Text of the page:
What is Atopy?
Atopy in your cat, also known as atopic dermatitis, is an allergic response due to your cat either inhaling or coming into physical contact with an allergen producing compound. Atopy may as a result of naturally occurring environmental substances or as a result of household or other chemicals. While in some cats atopy is a seasonal condition, in cases of constant exposure, such as with indoor allergens in the home, symptoms may be present all year. Atopy can cause quite a bit of discomfort for your cat and will often have similar symptoms to other conditions, including parasitic infections. An experienced veterinarian will be able to diagnose the condition and prescribe simple remedies to help alleviate and manage symptoms.
Symptoms of Atopy in Cats
While atopic dermatitis can be quite uncomfortable for your cat, the condition generally is not life-threatening when treated appropriately. Symptoms may vary in severity and may also gradually worsen as exposure to the allergen continues or increases, such as with seasonal atopy. Signs to watch for include:
- Excessive itching
- Excessive licking, especially of paws
- Waxy build up on skin or in ears
- Flaky dry skin
- Bald or red patches of skin
- Putrid open sores in extreme conditions
- Unpleasant odor to fur or skin
- Sores or pimple-like bumps around mouth or chin area
Causes of Atopy in Cats
Atopy in cats is an allergic reaction that causes inflammation of the skin. Inflammation can take many forms and the allergic reaction can have a variety of underlying triggers. Some of the most common causes include:
- Allergic reaction to environmental factors such as mold, pollen, mildew, dust, or mites.
- Breed predisposition
- Genetic or inherited influences
Diagnosis of Atopy in Cats
Diagnosis of atopy in your cat will have several stages. First, since the symptoms of atopy can be similar to those of other conditions, your veterinarian will have to rule out a number of other diseases or separate types of allergic reactions. This process is called a differential diagnosis. For food allergies, your veterinarian may prescribe a restrictive diet that removes and adds in various food ingredients over a period of time. These types of dietary changes can take up to six weeks to take effect and during this time your vet will not be able to prescribe medications that treat symptoms, since identifying the progression of symptoms is an important part of the diagnostic process. It will be very important to closely follow your vet’s recommendations regarding diet during this test.
The other common condition to rule out is allergic reactions due to parasitic infections. Fleas, ticks and mites can all cause similar symptoms to atopy. A thorough physical examination, as well as skin scrapings taken from the ear and examined under a microscope, may help to rule out parasites. Your veterinarian may also prescribe a general parasite preventative regimen such as topical and oral medications.
After ruling out alternative causes, your vet will seek to confirm the diagnosis of atopy and identify the exact allergen or allergens causing the reactions. Positive diagnosis of most dermatological conditions requires a thorough and detailed history from the cat’s owner. Your vet may ask questions regarding any skin issues of other cats in the household and whether atopy has been diagnosed in close relatives of your cat. You should also provide an account, as detailed as possible, of the progression of the symptoms. Of particular importance will be whether the symptoms ebb or gain during particular times of year or when exposed to specific areas of the house or yard.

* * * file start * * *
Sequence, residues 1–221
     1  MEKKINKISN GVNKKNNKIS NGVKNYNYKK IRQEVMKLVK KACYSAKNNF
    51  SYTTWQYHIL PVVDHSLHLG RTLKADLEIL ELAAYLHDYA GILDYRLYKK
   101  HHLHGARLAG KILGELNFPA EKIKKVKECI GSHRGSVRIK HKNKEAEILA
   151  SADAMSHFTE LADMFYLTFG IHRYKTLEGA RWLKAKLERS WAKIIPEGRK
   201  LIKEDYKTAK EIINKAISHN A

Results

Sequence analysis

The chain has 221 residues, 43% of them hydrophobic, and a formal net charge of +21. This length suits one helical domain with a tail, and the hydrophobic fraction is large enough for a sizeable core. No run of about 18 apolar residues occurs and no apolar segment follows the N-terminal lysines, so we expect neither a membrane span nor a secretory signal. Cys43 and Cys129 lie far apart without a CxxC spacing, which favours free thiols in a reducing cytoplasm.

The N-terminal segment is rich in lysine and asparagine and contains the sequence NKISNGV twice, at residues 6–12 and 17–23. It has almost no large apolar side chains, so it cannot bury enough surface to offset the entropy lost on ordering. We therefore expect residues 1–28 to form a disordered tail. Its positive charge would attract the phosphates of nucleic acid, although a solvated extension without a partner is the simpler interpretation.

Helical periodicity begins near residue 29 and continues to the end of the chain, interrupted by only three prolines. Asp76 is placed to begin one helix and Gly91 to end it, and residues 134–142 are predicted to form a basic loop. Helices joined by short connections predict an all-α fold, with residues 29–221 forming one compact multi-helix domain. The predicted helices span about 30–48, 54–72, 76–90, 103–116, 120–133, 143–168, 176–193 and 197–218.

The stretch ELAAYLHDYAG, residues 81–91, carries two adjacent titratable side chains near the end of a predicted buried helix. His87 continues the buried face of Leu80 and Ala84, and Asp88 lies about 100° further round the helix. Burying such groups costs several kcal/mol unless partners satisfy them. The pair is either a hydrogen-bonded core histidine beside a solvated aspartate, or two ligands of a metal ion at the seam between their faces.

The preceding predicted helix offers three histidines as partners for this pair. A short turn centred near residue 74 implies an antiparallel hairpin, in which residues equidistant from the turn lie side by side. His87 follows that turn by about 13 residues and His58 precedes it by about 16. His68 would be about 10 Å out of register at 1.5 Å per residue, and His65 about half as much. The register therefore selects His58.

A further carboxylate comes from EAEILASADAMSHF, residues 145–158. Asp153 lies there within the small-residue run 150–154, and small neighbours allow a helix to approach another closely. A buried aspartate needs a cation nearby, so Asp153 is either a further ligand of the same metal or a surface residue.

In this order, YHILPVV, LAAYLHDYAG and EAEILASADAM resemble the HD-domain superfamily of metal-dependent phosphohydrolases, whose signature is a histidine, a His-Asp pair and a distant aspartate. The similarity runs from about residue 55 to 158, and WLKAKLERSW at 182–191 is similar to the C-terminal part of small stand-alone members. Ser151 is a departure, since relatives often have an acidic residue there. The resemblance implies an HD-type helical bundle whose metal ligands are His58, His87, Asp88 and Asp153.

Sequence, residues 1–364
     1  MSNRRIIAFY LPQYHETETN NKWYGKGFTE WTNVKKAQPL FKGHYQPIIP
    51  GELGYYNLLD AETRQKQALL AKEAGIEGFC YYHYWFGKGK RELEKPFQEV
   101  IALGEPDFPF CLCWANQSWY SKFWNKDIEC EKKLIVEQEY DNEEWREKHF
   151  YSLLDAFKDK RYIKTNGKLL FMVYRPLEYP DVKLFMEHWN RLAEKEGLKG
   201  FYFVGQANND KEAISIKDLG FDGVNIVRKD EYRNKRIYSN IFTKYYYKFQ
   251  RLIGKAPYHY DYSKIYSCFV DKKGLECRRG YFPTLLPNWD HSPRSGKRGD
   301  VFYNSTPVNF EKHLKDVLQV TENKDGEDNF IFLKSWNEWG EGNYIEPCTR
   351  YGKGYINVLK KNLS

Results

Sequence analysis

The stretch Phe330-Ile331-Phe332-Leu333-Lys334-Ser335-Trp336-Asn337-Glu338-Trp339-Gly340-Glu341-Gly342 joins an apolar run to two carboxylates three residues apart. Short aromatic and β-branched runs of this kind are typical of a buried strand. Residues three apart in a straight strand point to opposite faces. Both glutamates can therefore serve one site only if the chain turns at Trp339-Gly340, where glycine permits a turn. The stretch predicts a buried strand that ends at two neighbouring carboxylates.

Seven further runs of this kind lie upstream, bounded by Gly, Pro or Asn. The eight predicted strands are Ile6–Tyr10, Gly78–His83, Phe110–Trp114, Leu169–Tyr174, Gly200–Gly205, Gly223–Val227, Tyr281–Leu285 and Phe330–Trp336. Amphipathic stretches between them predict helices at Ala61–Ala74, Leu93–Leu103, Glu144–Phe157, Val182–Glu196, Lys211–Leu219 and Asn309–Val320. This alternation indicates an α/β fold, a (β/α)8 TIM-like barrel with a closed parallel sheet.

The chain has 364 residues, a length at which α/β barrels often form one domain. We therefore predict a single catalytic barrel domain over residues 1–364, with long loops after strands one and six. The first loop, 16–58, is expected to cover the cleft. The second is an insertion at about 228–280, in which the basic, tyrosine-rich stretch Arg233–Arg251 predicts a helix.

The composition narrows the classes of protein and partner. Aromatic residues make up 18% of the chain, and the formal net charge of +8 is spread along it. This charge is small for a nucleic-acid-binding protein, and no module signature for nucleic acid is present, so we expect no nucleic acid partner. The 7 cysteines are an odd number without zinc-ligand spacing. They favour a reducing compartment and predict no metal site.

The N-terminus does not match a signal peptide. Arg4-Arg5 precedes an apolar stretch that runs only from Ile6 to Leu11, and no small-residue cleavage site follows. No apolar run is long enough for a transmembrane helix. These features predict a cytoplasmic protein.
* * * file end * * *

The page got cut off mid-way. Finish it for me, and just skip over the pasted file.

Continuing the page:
Several diagnostic tests exist to confirm the exact cause of the atopy. Your vet may take a skin scraping to examine under a microscope. Allergy tests are also available for cats, similar to those that exist for humans. Finally, removal of certain types of materials from the cat’s living area with slow reintroduction may also be helpful in cases which the exact allergy-causing substance is difficult to determine. This may involve eliminating bedding, removing the cat to a kennel environment or limiting access to outdoors for a period of time.
Treatment of Atopy in Cats
Treatment of atopy in your cat will take several routes. The preferred method of treatment is non-medical and involves eliminating the environmental or chemical toxins that are causing your cat’s atopy. This may be as simple as limiting your cat’s exposure to the outdoors or changing the type of laundry detergent used on items your cat may come in contact with.
In cases which the causes of the allergic reaction cannot be removed, your vet may prescribe long-term allergy management medications. Medications such as corticosteroids or antihistamines are effective for managing symptoms but, like many medications, can have an impact on your cat’s organs over time. A procedure called hyposensitization may also be a treatment option for your cat. In this procedure, your cat is given injections of the item causing the allergic reaction under the supervision of your vet. Over time the strength of these injections is increased, desensitizing your cat to the substance. This is effective in 50 to 75 percent of cases and should only be administered under the care of a veterinarian specialized in atopy and allergies in cats.
Recovery of Atopy in Cats
Prognosis for long-term management of atopy in cats is good. While there is no known cure for allergies of any kind, modern medicine and treatment can greatly eliminate the symptoms of atopy and provide relief for your cat. If your cat is receiving prescription treatment, your vet will schedule routine blood and urine tests to confirm all internal organs are functioning properly. With careful management of the symptoms of atopy, your cat will have a long and healthy life.